How This All Started

The Beginnings

Websters in England

Coming to America

Websters in western NY

They settle in Addison

Into the 21st Century

Appendices

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July 2008:

After my father's death in 1989, I inherited a manuscript written by my grandfather's uncle that portrayed the Webster family tree as he knew it and was, naturally, centered on his branch of the family. At some point the following winter, I scanned the document into my computer and filed the original away. There it has remained until this spring.

When I was growing up, my family was very tight-knit and had always had a great oral tradition with many family stories told at home and much family history discussed at family gatherings (gatherings could be quite large; I have over forty first-cousins between my mother's and my father's families). After the death of my grandfather in 1964, this tight-knit clannish attitude seemed to disintegrate and my immediate family, as well as my extended family, has grown and spread out and now encompasses members in at least a dozen states. Because we lived in a very rural area, with the next nearest family members sixty miles away and a seeming loss of interest in family gatherings, my children heard the stories I knew but were not exposed to the larger family history. With the imminent birth of my sixth grandchild, the decision was made to try to leave to my children a sense of where their family fits into the history of this great nation. I therefore dusted off the manuscript and this project began.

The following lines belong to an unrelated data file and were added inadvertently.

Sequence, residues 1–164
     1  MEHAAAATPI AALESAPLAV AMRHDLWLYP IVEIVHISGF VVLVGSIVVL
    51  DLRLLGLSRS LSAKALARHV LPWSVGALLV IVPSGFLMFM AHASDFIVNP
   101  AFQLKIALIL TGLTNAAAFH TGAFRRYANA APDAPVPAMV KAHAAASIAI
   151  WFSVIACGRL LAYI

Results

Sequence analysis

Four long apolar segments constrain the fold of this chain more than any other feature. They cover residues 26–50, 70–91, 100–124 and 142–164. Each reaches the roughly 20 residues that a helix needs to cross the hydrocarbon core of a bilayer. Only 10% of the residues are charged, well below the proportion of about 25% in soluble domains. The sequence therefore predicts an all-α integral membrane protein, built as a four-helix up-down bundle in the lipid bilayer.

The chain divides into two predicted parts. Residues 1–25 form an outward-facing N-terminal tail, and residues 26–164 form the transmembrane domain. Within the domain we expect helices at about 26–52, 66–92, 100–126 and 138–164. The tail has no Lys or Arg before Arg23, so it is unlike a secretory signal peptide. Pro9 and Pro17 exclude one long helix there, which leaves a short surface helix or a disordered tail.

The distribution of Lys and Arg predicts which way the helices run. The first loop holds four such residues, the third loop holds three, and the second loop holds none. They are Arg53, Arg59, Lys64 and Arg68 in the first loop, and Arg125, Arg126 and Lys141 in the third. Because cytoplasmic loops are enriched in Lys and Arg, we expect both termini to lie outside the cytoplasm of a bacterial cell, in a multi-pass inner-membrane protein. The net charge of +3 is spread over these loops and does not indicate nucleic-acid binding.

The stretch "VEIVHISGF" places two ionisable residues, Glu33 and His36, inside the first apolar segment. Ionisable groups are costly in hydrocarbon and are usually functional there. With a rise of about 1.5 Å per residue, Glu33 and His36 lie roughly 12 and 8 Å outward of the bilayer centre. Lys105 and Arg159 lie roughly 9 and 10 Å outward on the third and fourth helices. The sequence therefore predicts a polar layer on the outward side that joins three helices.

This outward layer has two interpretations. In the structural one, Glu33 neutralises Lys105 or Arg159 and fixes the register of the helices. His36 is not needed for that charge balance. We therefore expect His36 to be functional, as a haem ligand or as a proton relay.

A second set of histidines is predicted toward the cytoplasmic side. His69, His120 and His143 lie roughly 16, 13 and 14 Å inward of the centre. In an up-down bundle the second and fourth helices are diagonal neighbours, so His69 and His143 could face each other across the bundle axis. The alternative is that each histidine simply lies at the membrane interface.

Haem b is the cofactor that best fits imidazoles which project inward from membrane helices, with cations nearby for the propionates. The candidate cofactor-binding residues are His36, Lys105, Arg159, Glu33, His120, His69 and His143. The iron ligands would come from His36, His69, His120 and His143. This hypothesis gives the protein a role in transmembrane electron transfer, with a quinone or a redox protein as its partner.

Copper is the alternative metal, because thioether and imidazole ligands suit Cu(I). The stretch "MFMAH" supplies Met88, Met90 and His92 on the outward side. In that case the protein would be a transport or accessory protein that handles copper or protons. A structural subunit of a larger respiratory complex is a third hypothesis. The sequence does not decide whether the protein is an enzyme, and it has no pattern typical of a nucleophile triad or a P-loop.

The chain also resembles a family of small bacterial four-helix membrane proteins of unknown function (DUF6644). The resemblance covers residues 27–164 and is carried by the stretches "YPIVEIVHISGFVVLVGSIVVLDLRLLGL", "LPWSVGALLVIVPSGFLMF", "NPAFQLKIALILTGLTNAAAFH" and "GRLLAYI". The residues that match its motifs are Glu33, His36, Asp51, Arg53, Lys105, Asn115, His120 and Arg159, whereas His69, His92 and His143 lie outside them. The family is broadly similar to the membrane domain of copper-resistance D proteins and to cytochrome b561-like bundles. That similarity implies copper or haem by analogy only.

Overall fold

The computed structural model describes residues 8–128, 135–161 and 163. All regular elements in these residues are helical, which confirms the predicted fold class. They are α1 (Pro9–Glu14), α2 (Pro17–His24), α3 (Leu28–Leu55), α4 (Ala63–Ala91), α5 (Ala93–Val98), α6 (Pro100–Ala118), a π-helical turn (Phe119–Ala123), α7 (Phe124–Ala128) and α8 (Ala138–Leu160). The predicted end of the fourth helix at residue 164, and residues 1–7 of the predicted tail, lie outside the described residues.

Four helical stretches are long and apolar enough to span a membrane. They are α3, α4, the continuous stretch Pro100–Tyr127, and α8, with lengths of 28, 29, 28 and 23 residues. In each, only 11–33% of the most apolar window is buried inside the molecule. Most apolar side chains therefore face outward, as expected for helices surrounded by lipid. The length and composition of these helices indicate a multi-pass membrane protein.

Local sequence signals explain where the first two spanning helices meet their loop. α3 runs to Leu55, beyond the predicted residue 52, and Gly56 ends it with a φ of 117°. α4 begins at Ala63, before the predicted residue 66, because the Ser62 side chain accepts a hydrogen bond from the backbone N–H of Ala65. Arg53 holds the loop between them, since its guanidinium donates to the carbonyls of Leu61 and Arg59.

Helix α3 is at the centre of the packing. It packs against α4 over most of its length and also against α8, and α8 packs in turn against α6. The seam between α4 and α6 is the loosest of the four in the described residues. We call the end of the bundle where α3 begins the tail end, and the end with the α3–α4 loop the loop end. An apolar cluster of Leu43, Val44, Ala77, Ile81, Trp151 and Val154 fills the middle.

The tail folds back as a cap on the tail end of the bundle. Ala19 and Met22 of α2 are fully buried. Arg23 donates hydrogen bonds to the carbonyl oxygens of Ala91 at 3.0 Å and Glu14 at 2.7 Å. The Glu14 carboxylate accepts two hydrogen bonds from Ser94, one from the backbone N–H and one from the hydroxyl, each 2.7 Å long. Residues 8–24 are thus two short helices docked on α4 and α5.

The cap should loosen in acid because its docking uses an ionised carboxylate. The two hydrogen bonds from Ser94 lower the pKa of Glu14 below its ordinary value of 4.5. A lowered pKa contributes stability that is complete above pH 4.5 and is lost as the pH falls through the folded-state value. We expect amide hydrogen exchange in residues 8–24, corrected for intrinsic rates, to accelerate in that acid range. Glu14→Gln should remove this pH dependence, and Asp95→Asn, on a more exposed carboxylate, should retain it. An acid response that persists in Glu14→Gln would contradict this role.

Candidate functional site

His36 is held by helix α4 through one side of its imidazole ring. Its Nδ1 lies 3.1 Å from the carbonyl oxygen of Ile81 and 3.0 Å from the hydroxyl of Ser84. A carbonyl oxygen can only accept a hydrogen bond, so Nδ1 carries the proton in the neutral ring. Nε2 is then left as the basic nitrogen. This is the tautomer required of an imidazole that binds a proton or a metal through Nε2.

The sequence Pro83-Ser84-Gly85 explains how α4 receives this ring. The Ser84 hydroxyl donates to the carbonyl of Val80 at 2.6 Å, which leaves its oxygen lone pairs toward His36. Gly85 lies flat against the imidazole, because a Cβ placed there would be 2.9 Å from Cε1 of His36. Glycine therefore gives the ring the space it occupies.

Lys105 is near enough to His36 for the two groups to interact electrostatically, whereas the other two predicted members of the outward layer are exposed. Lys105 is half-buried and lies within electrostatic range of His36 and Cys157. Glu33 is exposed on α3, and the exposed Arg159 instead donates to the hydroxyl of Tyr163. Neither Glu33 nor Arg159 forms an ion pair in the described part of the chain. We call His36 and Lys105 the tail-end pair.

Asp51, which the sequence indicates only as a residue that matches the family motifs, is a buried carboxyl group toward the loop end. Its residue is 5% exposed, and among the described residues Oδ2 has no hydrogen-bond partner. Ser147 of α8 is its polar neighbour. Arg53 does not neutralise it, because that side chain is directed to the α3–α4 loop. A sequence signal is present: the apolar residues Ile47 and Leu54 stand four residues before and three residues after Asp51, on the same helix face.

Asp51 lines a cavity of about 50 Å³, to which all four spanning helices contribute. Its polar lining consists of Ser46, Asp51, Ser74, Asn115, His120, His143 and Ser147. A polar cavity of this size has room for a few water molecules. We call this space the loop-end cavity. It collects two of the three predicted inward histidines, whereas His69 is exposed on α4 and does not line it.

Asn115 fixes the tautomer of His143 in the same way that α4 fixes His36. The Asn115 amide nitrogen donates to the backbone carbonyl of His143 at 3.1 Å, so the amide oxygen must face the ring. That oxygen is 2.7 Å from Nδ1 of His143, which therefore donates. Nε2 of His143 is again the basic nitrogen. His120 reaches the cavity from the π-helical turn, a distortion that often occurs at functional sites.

As I began to transcribe the contents of great-uncle Bob's manuscript, I found some minor, and a few major, inaccuracies. One of these stated that Governor John Webster, the first Webster to emigrate from England to America, was a Puritan when, in fact, he was a Congregationalist
See: "Congregational Church"
Appendix A
(about 34% {35 of 102} of the Pilgrims aboard the Mayflower were either from the underground churches in England or were exiles from Holland). There was barely any mention of John's father and absolutely no direct lineage beyond that; just vague references to persons named Webster that had existed in Tudor England.

This is not meant to impugn the massive amount of labor and time Robert Webster invested in this project. In the 1940s and '50s, when this project was originally being researched, a person had to either travel to locales where suspected ancestors had lived and then gain access to documents and histories that might mention family members or correspond with persons knowledgeable about these same documents and locales; a daunting task. He was also a product of the way in which American schools taught European history at the time, which was condescending at best, and completely uncomplimentary in general. Great-uncle Bob started with next to nothing and built an extremely strong family history.

I had a couple of advantages when I started my research; I had both the manuscript as a basis from which to start my work and I had the massive resources available on the internet (no, I did not use ancestry.com). With these resources I was able to research further back into the past for ancestors as well as flesh out ancestors already discovered. As a result, I have traced my family line unbroken back to 1404 and I have found mention of Websters in England back to 1273.

This work was meant to trace my direct family line, but now I hope to expand it to include all descendants of my grandfather, George Webster, and then, with luck, it will continue to grow as the family grows.

This is my gift to both my children and my grandchildren.

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